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Top Financial CEO Salaries

The financial industry represents one of the most beneficial in financial terms of all industries. This is due to the fact that the salary and bonuses that the five CEOs that receive the highest remunerations amount to more than nine million dollars every year. The amount is significantly increased when the value of such investments as stock option and grants, and other long-term motivations are added.

We are all well familiar with the many actors, athletes and initiators of high-tech companies, who make their millions, but most of you haven't even heard of many Wall Street millionaires. Some of them possess more money than even the accumulated sums of several superstars. But they are not public celebrities that can be recognized while walking on the street.

A study on the salaries, bonuses, stock option gains and grants, long-term incentive payouts and grants of several financial CEOs have been made by the Wall Street Journal in alliance with the Mercer Human Resource Consulting. It was conducted on the basis of data obtained for the year 2005 from proxy statements from 350 major US corporations.

Here is a chart of the five richest financial advisors for 2005.

Charles Schwab (Schwab)

Charles Schwab possesses:

  • Salary and bonuses - more than $4.8 million
  • Stock option gains - $17 million
  • Realized direct compensation - $21.8 million

It is surprising to know that Schwab had to terminate his retirement in order to come to the rescue of his company.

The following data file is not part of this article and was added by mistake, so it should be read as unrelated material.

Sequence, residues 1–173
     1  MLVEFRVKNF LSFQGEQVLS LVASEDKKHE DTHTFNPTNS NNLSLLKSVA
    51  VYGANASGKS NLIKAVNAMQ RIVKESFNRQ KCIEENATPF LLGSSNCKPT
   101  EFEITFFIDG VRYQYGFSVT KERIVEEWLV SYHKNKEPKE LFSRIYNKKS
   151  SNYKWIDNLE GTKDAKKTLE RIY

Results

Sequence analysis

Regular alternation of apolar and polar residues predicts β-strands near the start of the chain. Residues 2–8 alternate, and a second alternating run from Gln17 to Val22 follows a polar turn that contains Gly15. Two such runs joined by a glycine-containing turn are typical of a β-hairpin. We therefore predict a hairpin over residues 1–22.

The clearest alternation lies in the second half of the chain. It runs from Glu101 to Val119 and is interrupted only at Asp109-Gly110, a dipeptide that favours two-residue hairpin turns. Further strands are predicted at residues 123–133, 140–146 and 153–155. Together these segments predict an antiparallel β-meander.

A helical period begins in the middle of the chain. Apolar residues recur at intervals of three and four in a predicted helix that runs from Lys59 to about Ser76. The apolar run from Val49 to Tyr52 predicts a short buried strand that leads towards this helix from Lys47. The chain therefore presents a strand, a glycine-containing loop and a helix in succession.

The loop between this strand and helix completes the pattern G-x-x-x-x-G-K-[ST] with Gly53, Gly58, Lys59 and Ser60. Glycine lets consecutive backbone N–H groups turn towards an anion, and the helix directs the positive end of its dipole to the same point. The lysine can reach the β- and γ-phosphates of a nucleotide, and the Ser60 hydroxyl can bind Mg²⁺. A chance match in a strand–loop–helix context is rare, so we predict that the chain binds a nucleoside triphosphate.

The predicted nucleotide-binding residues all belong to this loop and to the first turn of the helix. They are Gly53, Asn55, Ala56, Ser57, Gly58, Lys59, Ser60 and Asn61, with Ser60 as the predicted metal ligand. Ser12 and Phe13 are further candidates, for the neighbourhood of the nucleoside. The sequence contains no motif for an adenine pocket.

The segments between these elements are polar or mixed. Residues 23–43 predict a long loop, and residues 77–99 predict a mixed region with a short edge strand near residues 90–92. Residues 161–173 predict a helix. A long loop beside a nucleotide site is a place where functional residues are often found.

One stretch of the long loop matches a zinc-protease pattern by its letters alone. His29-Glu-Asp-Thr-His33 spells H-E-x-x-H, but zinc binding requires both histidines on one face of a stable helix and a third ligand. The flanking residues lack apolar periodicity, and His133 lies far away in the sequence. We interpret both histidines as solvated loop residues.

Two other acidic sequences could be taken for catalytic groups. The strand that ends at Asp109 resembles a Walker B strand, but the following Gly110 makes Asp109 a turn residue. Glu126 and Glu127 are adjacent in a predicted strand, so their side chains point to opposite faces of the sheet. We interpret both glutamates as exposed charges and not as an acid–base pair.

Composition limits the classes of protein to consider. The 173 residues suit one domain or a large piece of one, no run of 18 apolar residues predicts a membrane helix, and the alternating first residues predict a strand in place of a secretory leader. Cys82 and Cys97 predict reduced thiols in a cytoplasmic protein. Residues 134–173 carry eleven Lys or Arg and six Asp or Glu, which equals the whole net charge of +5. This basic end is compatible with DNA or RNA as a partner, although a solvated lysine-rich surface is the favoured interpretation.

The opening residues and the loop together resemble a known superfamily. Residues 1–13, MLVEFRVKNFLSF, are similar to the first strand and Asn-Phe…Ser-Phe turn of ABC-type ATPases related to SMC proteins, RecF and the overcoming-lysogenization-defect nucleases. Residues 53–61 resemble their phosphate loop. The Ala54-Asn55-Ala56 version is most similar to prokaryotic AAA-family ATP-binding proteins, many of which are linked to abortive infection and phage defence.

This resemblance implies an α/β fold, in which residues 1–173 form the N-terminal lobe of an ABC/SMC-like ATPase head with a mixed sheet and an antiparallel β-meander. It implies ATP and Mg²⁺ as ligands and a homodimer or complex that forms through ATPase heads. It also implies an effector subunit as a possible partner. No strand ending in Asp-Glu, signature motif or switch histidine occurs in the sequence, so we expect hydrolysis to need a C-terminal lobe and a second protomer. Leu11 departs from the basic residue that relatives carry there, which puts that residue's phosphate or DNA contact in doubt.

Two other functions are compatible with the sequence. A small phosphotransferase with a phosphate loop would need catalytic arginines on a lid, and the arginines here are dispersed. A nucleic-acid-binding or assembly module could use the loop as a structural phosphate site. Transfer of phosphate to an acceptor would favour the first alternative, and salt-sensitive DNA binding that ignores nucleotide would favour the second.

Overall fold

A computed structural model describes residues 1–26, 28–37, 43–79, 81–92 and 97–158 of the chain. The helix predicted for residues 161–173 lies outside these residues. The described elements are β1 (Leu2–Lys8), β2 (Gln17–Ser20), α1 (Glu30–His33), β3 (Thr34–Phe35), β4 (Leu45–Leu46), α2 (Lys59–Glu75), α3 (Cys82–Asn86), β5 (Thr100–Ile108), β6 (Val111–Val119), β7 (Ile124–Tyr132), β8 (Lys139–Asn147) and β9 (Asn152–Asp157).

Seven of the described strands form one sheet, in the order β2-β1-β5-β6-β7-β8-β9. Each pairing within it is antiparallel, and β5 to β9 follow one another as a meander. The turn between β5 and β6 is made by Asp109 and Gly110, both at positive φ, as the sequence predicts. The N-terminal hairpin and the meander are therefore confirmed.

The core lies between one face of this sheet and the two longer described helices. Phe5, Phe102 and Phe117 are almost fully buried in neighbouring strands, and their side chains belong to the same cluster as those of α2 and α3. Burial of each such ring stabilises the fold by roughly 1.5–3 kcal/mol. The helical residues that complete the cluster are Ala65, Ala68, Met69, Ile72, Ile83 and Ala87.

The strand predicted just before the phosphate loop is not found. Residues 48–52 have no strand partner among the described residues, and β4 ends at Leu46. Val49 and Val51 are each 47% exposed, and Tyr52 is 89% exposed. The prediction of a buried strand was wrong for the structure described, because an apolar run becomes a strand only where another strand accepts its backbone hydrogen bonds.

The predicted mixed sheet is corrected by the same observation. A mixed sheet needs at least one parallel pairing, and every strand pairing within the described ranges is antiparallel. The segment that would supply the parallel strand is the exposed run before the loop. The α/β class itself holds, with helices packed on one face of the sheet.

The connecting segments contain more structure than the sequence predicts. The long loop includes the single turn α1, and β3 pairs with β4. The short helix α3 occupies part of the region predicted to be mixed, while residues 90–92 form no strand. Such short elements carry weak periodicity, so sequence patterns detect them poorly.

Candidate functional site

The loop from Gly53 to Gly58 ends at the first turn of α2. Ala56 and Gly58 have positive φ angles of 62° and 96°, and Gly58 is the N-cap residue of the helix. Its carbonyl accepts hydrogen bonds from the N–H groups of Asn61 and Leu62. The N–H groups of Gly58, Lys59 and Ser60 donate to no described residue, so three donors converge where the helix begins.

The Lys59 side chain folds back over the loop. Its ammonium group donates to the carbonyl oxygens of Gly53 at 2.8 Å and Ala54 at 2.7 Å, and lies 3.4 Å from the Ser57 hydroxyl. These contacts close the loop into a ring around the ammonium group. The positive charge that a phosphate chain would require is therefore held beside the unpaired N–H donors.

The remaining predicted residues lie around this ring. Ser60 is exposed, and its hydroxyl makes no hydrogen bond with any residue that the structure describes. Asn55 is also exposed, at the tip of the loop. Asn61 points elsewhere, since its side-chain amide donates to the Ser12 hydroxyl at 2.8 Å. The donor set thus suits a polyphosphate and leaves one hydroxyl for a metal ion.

Marion and Herbert Sandler (Golden West)

They both share the fifth position with Mr. Schwab. They possess

  • Salary and bonuses - $1.5 million each
  • Stock option gains - $20 million
  • Realized total compensation - between $21.7 and $21.8 million

John Mack (Morgan Stanley)

Mr. Mack has re-joined Morgan Stanley in the middle of the year, which explains his salary of $337,500. It represents only half a percent of the total compensation he has received. So:

  • Salary - $337,500
  • Bonus - $11.5 million
  • Stock option gains - $30 million
  • Restricted options for joining the company - $26 million
  • Realized direct compensation - $68 million

E. Stanley O'Neil (Merril Lynch)

The case of Mr. O'Neil is the same as that of Mr. Paulson with regards the lower salary, which is being compensated by the higher amount of bonus.

  • Salary - $700,000
  • Bonus - $34.3 million
  • Stock option gains - $3 million
  • Total realized compensation - $38 million

Henry Paulson Jr. (Goldman Sachs)

He made:

  • Salary - $600,000
  • Bonus - $29.5 million (Henry Paulson compensated the low salary by this large sum of bonus.)
  • Realized total compensation - over $30 million (Note: This sum doesn't include distributions form a private investment fund in which he participated, which amounted to $12.7 million. If this money has been included, he would have been in a higher position in the chart.)

And the winner is ...

Richard Fuld Jr. (Lehman Brothers)

The winner in the competition "Who is the richest CEO?" made:

  • Salary - $750,000
  • Bonus - $28.7 million
  • Stock option gains - $75 million (thanks to the 51% shareholder return)
  • Stock options - $10 million
  • Total realized compensation - $104.4 million

Footnote: Richard Fairbank (Capital One) should be the real winner in this race, but his payment structure is quite different from the others'. This is so since he hasn't received any salary, bonus or incentive. His wealth of $249 million comes from the realized stock option gains.

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